Stigma, Avoidant-Orientation, and Self-Disclosure in Friendships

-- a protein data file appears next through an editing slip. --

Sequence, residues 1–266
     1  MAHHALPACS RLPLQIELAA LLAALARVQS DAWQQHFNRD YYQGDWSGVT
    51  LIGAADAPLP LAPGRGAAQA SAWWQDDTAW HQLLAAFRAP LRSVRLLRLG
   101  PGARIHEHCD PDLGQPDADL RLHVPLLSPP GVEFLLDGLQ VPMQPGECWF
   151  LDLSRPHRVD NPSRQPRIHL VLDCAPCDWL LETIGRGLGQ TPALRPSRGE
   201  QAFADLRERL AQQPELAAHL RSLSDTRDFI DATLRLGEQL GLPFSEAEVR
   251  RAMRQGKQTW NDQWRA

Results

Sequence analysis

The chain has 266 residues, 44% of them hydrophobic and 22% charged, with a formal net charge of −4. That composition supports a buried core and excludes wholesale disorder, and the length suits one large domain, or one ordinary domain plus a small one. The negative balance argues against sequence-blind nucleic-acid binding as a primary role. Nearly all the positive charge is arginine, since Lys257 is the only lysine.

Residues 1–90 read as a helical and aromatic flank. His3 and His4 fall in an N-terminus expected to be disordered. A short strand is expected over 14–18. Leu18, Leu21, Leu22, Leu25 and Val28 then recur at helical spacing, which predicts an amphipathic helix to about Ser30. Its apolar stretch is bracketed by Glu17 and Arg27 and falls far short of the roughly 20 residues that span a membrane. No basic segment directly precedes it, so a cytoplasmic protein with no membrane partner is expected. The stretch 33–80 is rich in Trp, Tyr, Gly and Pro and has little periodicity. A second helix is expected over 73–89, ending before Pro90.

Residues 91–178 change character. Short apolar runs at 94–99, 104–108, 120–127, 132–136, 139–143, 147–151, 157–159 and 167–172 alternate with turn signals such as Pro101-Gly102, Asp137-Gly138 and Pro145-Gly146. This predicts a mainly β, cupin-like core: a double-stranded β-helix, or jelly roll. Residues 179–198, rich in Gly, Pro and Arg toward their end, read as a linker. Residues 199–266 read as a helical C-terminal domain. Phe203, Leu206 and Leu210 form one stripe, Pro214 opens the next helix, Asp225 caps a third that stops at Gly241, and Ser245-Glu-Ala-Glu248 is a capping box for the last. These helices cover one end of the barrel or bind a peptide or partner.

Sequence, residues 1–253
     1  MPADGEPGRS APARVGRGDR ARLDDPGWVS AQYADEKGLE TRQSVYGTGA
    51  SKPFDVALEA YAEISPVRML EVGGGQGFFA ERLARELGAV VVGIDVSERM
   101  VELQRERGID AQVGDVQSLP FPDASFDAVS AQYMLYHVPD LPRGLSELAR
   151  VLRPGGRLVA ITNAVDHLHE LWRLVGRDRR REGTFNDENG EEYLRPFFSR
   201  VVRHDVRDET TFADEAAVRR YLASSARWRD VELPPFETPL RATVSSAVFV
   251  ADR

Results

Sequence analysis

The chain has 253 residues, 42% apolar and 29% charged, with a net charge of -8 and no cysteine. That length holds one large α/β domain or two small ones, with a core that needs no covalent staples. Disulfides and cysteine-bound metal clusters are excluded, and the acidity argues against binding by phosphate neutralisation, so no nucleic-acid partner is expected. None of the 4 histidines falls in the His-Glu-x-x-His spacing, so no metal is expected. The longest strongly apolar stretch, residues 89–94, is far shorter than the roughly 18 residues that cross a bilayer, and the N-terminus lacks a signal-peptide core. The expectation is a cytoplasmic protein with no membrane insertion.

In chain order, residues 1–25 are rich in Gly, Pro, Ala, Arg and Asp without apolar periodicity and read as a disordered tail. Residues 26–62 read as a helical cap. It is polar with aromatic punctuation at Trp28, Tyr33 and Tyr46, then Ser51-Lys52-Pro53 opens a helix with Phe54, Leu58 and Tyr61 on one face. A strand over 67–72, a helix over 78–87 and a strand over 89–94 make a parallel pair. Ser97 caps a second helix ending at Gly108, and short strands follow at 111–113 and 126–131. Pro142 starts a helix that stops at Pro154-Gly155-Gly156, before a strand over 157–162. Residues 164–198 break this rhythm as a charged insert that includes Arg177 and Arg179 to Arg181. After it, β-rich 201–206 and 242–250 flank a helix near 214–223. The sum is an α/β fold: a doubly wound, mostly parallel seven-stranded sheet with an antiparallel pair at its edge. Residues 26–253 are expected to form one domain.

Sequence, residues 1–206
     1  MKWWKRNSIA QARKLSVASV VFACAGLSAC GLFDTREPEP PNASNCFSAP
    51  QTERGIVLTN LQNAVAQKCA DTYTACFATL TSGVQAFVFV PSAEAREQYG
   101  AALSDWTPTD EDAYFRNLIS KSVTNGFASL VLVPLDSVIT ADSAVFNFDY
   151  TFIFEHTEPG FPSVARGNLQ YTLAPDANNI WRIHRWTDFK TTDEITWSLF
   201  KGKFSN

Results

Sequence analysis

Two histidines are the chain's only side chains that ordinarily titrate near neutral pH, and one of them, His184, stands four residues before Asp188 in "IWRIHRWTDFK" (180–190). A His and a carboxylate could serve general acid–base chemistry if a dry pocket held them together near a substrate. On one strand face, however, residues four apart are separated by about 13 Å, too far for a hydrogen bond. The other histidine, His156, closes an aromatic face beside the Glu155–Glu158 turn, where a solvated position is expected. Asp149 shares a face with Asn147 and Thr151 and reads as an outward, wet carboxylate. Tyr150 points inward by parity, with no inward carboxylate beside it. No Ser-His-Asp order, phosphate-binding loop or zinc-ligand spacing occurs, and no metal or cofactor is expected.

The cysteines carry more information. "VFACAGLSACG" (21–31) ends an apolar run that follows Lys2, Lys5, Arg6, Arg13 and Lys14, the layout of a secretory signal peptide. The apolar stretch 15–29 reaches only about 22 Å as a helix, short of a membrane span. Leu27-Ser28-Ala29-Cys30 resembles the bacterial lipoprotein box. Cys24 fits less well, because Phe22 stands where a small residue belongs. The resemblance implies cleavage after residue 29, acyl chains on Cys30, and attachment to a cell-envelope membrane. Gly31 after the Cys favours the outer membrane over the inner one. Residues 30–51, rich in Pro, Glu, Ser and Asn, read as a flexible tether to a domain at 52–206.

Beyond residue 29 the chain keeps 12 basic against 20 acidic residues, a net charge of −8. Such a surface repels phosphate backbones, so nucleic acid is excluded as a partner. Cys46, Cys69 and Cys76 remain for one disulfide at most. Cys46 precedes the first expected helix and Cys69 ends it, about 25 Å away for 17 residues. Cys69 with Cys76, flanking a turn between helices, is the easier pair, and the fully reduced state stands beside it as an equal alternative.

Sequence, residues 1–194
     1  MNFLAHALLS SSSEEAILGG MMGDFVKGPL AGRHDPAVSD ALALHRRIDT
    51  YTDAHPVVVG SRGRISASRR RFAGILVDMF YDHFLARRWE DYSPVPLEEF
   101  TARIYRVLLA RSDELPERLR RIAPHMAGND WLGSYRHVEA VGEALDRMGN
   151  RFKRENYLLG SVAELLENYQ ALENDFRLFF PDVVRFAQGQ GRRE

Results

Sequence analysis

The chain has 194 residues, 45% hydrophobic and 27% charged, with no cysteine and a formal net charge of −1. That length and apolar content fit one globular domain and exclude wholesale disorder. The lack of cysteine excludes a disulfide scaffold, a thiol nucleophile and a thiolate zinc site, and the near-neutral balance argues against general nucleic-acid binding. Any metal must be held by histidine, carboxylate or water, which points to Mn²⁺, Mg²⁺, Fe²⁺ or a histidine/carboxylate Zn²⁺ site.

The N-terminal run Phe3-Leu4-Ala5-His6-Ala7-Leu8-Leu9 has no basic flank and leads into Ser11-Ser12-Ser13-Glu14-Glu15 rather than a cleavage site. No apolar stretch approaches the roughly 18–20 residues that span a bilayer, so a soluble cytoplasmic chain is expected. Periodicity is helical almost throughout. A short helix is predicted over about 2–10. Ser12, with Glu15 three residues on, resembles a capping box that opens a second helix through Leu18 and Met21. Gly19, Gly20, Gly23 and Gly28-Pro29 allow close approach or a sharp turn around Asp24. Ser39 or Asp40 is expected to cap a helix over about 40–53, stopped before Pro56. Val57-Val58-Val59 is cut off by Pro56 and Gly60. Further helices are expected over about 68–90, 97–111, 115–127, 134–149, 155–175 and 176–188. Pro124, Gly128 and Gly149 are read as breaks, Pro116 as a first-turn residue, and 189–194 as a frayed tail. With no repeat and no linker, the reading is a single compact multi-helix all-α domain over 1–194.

The stigma surrounding mental illness has been shown to have a negative impact on social relationships. However, less research has focused on the mechanisms through which the connection between stigma and relational outcomes can be explained. The primary purpose of the three studies was to evaluate the extent to which chronic and situational forms of stigma and concealment negatively predict disclosure of negative emotions, distress, and personal information through the endorsement of avoidant-oriented motives and goals. In Study 1, cross-sectional methodology was used to evaluate the role of avoidant-orientation as a mediating mechanism through which internalized stigma predicts disclosure of negative emotions and distress to friends. In Study 2, experimental methodology was used to evaluate the extent to which a situational forms of stigma salience affects endorsement of avoidant-oriented friendship goals and self-disclosure within a hypothetical friendship formation scenario. In Study 3, experimental methodology was used to test the effect of avoidant and approach-oriented friendship goals on self-disclosure within the same hypothetical friendship formation scenario. Across the studies, results did not provide evidence for the role of avoidant-orientation as a mechanism through which forms of stigma affect self-disclosure. However, results from Study 1 and Study 2 did provide evidence that concealing mental illness from friends negatively predicts self-disclosure within established and developing friendships.
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